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Originally Posted by BraveCanadian View Post
You don't know if all those shots that the Isles recorded a .950 save percentage on were lobs from center or goalmouth scrambles and rebounds off one timers from the slot.
What were they then? If you know, please let us in on it.

I'll ask again: how many games do you think it takes for variance to even out? You've agreed that variance can affect the result of games and even series. You don't think you're underestimating how much of an effect it can have when you're talking about a set of 7 or fewer games?

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08-20-2012, 04:46 PM
  #343
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Quote:
Originally Posted by Iain Fyffe View Post
And to the puredictable ad hominem.
I can see why it would be predictable that everyone in the thread would call into question your conclusions regarding a complex game like hockey based on some sparse data from two different years... There is a reason for that as much as you'd like to ignore your natural human bias lol

Quote:
Oh yeah? Can I direct you to the research on shot quality? Shot quality matters, but not enough to turn a .950 save percentage into an .870 or vice-versa. Recently analysts have been suggesting that shot quality can largely be ignore in all but the most extreme situations. You're trying to explain this huge swing with something that cannot produce such a huge swing.
It was only one example to illustrate how much your blinders are on relying on the very limited statistical data to tell you the "facts" while ignoring everything else.

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You did. Variance easily explains the 1983 and 1984 playoff results under discussion. You're asserting something else, based on a tiny number of games. Variance analysis is based on all games played that season, not just the few in the final.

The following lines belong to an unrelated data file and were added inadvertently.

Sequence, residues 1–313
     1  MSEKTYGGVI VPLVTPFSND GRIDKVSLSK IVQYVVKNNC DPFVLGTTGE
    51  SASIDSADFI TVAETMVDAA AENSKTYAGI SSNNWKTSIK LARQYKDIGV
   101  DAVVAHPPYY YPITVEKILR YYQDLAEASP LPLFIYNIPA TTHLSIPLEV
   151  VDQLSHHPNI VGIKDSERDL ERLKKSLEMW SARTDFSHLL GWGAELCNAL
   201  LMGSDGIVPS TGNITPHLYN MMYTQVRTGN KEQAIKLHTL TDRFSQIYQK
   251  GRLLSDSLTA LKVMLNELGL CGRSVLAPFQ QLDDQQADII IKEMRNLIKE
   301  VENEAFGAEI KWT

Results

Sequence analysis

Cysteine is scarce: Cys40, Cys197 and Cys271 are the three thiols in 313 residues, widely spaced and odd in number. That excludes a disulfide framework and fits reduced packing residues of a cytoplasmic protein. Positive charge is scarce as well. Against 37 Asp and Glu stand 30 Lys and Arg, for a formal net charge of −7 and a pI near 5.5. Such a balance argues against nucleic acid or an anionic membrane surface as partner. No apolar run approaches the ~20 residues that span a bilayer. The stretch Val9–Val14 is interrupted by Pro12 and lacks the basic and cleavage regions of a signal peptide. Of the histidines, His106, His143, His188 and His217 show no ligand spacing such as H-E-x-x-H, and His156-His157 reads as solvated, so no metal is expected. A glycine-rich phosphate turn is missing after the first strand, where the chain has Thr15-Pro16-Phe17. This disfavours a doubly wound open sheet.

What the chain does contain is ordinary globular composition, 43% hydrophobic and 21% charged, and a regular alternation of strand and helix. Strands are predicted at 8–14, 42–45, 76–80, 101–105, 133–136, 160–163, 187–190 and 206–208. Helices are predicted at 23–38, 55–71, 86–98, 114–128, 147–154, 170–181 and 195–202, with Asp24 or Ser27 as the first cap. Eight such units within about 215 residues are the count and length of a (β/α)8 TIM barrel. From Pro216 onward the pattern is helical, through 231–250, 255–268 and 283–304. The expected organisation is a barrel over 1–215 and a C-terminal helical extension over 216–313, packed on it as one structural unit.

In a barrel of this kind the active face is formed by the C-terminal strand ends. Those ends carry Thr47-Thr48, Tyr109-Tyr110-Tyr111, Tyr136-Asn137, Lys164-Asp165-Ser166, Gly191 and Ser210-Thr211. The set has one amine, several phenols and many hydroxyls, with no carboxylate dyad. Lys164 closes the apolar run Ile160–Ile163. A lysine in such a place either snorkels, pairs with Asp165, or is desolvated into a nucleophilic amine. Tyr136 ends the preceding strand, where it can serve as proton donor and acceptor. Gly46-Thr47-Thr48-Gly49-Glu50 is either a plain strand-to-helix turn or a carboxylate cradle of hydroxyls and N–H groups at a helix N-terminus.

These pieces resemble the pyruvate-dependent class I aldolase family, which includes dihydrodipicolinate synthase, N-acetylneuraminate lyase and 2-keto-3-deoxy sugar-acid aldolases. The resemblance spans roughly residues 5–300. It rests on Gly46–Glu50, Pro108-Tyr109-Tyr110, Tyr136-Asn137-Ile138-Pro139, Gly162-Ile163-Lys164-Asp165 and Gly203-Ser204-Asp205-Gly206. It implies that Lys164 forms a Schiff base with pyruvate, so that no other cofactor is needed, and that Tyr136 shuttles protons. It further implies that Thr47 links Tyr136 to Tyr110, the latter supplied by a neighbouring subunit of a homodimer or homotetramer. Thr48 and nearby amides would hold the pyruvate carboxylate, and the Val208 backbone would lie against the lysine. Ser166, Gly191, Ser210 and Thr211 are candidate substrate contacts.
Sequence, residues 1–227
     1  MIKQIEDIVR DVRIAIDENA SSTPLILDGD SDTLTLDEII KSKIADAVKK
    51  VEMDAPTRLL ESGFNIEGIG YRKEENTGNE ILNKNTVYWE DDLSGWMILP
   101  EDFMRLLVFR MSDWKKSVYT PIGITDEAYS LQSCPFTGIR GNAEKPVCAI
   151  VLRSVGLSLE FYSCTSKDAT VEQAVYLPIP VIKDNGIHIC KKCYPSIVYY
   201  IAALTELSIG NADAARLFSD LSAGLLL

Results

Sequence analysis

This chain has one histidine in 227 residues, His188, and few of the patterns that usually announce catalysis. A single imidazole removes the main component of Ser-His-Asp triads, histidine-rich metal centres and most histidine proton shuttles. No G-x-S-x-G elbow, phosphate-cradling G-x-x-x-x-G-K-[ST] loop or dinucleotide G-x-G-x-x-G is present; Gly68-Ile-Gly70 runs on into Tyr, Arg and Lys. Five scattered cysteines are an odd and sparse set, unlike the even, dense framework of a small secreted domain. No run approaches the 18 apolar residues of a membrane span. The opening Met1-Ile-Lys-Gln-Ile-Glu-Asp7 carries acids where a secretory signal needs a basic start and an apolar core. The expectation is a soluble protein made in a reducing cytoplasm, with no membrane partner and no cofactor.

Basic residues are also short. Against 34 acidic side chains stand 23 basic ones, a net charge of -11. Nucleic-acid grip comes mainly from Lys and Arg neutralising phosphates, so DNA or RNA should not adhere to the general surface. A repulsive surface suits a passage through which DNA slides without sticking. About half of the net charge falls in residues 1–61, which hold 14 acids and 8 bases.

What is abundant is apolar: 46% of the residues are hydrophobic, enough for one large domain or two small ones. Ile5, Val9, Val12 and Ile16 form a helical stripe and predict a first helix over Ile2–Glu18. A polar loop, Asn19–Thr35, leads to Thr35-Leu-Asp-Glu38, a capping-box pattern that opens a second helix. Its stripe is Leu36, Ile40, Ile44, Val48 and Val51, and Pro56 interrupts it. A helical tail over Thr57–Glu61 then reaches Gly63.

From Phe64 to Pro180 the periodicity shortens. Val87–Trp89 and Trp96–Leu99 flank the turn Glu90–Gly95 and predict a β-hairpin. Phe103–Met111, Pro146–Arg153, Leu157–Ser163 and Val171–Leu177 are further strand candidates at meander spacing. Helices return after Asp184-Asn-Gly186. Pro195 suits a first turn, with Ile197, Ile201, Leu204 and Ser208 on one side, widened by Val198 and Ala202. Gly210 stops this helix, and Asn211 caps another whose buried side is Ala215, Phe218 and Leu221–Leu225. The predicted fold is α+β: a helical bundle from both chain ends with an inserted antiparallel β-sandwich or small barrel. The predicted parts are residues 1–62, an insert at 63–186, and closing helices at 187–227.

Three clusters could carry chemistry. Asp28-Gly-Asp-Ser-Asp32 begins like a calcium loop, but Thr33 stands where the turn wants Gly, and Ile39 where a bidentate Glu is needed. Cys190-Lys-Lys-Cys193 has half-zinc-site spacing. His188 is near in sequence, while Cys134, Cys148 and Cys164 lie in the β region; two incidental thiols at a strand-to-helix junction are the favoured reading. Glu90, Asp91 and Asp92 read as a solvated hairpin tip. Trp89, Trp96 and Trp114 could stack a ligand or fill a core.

I did?

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It's not lazy, because you still apparently don't understand what I mean by it. There will always be variance in performance. Put a puck 30 feet from the net and ask a prime Gretzky to pick the top left corner. He'll do it X times out of 100, with X being between 0 and 100. But it won't be 100, even though he has full control over the situation, and no other players or events getting in the way. The result of his shot is largely predictable, but there will be a certain number of observations that fall outside of that, even in the best circumstances.
I know this.. I just don't call the whole reason for it luck.

Quote:
What were they then? If you know, please let us in on it.

I'll ask again: how many games do you think it takes for variance to even out? You've agreed that variance can affect the result of games and even series. You don't think you're underestimating how much of an effect it can have when you're talking about a set of 7 or fewer games?
Again I am illustrating how poor the data is with an extreme example in the hopes it might register. Obviously I don't remember every shot or even care at this point. I and every poster who saw the games are in agreement and I don't feel some great need to disprove your conclusions to your personal satisfaction.

As for the variance I don't equate variance and luck exactly like I said. I also said that I think luck sometimes determines series.. Mostly by pushing things one way or the other at a critical time. I think "variance" is part of players being human beings.

If the Oilers played poorly because the isles dominated them then that is what happened.. You can prefer to call it variance if you like..

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08-20-2012, 08:17 PM
  #344
Iain Fyffe
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Quote:
Originally Posted by BraveCanadian View Post
It was only one example to illustrate how much your blinders are on relying on the very limited statistical data to tell you the "facts" while ignoring everything else.
I am using a rather specific definition of fact. That is, something that is recorded and verifiable, rather than something someone tells me is true, no really it is. If you have anything to show that the shot quality was a significant factor, great. Just saying that it might be the case isn't terribly convincing. I'd call that the "right-handed centre" argument. There's something that's probably at least a small factor, therefore everything is explained.